The Upside of Disobedience

We're taught from birth to obey -- but a new book makes the case for more disobedience in the workplace.

9781626564275_FCPROBLEMWe’ve been taught obedience so well that it’s become habit. “We see the results of this when employees in corporations, government agencies, the military, and elsewhere bow to pressure to do things that cover up problems and create unnecessary risk or damage,” Ira Chaleff writes in his new book, Intelligent Disobedience: Doing Right When What You’re Told to Do Is Wrong.

SOLUTIONJust as guide dogs are trained to recognize and resist a command that would put their humans and themselves at risk — for example, if a person with limited sight gave the command to step off the curb just as a quiet hybrid car was approaching — we must cultivate the habit of Intelligent Disobedience, which Chaleff distills into this formula:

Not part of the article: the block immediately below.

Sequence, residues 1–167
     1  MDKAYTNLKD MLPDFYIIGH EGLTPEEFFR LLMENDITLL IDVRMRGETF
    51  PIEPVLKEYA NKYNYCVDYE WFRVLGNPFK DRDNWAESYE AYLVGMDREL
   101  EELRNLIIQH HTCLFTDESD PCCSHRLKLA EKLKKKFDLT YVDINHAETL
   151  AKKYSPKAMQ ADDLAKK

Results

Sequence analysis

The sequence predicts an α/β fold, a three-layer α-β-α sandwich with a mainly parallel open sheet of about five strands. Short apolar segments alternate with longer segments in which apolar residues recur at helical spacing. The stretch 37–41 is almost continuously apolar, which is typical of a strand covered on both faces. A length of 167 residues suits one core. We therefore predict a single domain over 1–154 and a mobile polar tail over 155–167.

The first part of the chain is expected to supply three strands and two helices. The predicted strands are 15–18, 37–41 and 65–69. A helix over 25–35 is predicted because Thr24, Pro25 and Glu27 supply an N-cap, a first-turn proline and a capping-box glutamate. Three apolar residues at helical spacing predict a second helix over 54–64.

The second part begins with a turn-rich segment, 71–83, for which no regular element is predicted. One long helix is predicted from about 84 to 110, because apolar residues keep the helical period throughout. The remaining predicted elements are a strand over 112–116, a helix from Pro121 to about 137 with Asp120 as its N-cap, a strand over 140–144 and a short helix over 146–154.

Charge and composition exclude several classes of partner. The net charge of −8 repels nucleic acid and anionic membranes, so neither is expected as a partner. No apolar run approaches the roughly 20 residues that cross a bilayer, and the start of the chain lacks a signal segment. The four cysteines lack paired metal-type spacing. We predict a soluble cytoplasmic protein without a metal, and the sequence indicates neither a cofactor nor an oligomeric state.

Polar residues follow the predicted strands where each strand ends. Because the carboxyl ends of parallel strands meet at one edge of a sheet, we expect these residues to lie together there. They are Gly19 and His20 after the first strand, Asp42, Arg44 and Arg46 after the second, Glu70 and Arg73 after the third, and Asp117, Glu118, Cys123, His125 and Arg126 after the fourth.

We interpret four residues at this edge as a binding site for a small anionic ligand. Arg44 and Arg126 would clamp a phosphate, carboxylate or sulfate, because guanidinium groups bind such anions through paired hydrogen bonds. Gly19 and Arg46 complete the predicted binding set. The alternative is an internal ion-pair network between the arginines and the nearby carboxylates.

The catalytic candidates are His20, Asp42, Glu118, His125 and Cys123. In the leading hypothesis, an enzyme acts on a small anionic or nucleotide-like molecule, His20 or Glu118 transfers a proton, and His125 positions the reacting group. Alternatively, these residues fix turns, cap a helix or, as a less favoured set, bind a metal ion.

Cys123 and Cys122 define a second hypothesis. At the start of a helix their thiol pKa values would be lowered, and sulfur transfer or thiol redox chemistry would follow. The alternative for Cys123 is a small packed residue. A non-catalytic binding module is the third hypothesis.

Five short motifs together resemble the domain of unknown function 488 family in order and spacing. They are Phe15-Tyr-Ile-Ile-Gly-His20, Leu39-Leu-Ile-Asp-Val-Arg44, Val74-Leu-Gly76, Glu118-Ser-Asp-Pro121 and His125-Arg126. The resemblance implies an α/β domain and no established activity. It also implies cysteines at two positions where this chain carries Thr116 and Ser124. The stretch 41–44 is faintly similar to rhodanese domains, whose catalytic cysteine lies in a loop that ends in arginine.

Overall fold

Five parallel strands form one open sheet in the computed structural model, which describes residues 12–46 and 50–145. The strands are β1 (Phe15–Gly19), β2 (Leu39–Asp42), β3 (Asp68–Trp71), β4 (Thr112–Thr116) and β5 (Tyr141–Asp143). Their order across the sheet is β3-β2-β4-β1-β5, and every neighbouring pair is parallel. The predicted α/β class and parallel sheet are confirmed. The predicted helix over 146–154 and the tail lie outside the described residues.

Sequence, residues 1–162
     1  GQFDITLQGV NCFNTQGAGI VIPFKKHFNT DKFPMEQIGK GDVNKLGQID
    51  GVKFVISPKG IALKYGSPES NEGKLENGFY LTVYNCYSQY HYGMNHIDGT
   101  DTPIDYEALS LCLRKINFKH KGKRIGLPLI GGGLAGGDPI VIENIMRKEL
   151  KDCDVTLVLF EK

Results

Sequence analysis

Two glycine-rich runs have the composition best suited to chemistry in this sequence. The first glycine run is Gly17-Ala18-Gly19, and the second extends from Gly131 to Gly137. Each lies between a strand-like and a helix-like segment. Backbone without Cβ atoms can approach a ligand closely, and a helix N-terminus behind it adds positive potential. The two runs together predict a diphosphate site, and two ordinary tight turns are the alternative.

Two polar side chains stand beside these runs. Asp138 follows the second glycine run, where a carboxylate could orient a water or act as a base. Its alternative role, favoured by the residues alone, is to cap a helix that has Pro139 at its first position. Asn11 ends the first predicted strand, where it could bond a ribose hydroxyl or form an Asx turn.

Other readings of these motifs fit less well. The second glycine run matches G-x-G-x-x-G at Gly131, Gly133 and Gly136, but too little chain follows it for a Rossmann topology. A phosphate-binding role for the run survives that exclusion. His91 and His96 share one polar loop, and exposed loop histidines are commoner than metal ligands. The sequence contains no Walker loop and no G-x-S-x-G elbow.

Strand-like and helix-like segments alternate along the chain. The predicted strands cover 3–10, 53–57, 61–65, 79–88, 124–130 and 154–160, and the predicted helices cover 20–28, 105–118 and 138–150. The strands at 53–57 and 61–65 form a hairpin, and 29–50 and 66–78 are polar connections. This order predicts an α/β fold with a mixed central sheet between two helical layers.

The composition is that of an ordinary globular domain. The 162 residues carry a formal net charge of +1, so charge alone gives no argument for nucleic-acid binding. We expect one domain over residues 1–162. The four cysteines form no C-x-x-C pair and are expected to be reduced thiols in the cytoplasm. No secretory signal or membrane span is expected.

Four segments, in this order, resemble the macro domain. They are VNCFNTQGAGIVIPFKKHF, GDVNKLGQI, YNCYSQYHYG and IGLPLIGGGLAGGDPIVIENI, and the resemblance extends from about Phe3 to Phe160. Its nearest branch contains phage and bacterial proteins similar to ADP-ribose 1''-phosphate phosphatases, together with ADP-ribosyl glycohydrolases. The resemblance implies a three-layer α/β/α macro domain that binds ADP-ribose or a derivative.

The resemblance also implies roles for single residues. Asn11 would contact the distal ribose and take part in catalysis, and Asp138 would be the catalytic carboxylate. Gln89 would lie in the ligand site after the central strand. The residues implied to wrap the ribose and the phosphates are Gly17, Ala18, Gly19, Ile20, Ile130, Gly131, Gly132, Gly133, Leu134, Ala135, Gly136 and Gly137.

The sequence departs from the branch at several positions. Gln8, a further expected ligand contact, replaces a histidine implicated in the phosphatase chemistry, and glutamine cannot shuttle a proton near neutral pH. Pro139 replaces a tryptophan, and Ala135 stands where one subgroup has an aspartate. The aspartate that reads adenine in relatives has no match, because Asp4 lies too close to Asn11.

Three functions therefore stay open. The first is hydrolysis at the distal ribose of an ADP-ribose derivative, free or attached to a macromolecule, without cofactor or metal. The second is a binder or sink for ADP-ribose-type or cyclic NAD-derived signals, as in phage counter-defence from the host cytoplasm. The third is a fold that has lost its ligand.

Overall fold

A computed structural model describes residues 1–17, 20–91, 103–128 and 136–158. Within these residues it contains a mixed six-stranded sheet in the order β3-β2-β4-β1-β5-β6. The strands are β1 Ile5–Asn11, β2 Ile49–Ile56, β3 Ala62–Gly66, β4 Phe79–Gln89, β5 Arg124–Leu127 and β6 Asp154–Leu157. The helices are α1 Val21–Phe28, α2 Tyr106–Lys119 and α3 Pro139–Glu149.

1. Understand the mission of the organization or group, the goals of the activity of which you are a part, and the values that guide you how to achieve those goals. 

2.When you receive an order that does not seem appropriate to the mission, goals, and values, clarify the order as needed, then pause to further examine the problem with it, whether that involves its safety, effectiveness, cultural sensitivity, legality, morality, or common decency.

3.Make a conscious choice whether to comply with the order or to resist it, and offer an acceptable alternative when there is one.

4.Assume personal accountability for your choice, recognizing that if you obey the order, you are still accountable regardless of who issued the order.

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Michelle Russell

Michelle Russell is editor in chief of Convene.